October 7, 2005

From the Editor Emeritus / John F. Fink

Jesus in the Gospels: Greatest commandment

See Matthew 22:34-40, Mark 12:28-34, Luke 10:25-37

It’s not unusual for Luke’s Gospel to place events in Jesus’ life in different places than Matthew’s and Mark’s Gospels do. This is one of those times. Luke places the episode before Jesus’ triumphal entry into Jerusalem while the other two place it after. Luke also tells the story somewhat differently, including an important elaboration.

It began when a scholar of the Jewish law tried to test Jesus by asking him which commandment is the greatest. In the Jewish law, there were 613 commandments—248 of things a person must do and 365 of things forbidden—and it seems probable that the scholar asking the question had argued his question with other scholars.

Of all those commandments, Jesus selected Deuteronomy 6:5: “You shall love the Lord your God with all your heart, with all your soul, with all your mind, and with all your strength.” But then he added the second greatest, from Leviticus 19:18: “You shall love your neighbor as yourself.” On these two commandments, he said, not some that begin with “Thou shalt not,” depend the whole law and the prophets.

In Mark’s version of the story, the scholar agreed with Jesus, saying that love of God and love of neighbor were worth more than all burnt offerings and sacrifices. Jesus approved of his answer, telling him that he was not far from the kingdom of God.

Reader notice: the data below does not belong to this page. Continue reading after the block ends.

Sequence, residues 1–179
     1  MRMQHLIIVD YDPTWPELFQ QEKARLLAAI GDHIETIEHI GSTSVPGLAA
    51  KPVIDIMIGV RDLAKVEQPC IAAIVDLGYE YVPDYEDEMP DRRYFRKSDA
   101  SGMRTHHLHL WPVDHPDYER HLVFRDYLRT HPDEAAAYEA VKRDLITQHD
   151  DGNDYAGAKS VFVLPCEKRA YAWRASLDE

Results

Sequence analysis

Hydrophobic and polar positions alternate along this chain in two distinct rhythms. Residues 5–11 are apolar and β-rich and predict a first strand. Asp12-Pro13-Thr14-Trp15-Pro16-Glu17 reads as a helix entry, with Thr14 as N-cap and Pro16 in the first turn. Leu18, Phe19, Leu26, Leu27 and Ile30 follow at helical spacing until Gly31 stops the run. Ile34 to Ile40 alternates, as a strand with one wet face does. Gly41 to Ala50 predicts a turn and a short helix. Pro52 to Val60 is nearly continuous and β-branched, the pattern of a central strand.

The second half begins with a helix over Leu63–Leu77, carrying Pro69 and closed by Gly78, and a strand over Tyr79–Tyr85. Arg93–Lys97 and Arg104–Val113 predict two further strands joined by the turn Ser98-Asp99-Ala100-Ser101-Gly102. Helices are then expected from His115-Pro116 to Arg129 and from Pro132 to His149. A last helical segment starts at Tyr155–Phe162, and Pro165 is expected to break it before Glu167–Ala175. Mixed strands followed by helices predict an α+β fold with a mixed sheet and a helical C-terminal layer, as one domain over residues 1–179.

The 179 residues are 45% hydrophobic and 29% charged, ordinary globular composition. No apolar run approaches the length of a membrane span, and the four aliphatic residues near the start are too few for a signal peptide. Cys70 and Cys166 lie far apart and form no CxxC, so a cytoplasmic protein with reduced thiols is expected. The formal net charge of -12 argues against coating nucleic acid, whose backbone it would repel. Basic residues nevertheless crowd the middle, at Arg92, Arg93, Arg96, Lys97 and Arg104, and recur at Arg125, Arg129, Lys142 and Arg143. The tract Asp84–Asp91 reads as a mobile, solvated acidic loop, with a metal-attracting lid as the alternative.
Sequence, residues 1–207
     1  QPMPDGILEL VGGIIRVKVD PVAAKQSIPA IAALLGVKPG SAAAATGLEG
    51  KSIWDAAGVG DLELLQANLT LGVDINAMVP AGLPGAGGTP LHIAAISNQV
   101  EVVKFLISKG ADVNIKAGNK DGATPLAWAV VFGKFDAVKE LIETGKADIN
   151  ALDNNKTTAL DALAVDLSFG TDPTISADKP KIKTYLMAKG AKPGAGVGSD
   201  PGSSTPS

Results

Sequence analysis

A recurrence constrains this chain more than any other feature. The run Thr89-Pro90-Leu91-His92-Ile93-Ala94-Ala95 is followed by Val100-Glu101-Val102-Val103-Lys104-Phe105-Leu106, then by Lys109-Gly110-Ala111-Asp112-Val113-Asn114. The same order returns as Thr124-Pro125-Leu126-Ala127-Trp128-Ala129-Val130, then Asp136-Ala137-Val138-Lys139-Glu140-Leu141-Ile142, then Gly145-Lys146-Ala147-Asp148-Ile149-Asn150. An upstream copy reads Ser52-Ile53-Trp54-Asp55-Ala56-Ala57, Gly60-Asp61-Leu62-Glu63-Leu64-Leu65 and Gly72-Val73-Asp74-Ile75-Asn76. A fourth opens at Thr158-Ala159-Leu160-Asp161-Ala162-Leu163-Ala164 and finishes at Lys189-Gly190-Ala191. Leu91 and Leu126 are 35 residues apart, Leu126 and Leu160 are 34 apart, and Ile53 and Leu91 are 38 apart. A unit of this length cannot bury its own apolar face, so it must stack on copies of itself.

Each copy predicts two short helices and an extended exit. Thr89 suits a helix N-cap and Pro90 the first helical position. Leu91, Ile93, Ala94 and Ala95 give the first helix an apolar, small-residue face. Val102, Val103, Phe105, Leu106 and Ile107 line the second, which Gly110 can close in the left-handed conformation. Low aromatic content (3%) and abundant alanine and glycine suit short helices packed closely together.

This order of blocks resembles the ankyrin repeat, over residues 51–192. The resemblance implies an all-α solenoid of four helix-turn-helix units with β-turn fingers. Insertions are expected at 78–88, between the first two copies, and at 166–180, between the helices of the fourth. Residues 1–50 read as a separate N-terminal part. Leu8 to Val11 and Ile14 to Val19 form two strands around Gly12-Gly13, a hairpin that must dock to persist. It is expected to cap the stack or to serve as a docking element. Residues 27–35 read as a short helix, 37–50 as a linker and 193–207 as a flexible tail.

Christians from then on would emphasize the importance of love. Paul’s First Letter to the Corinthians 13:4-13 about love would become a favorite passage at weddings. St. Augustine would advise, “Love and do what you will.”

Luke, though, isn’t yet finished with this story. The scholar felt that he had to continue the discussion. “And who is my neighbor?” he asked, thus opening the door for Jesus to tell us one of his most famous parables—the Good Samaritan.

It’s the story about the victim of robbers on the road from Jerusalem to Jericho—a very dangerous road through the Judean wilderness that most Jews would have traveled only in caravans. After both a priest and a Levite passed by the man, a Samaritan stopped and cared for him, taking him to an inn and making arrangements for his further care. The main point of the parable was that love is superior to legalism, but it went far beyond that when it identified a Samaritan as a neighbor that Jews should love.

This would have shocked Jesus’ Jewish listeners. Nothing in the Old Testament told them that love of neighbor extended to these people of mixed race whom the Jews considered ritually impure. Jesus couldn’t have used a better way to insist that the commandment to love your neighbor as yourself extended to everyone without exception. No one is excluded from Jesus’ definition of neighbor.

Lest we overlook it, when Jesus finished his parable and the scholar correctly identified the Samaritan as the one who was neighbor to the robbers’ victim, Jesus told him, and us, “Go and do likewise.” †


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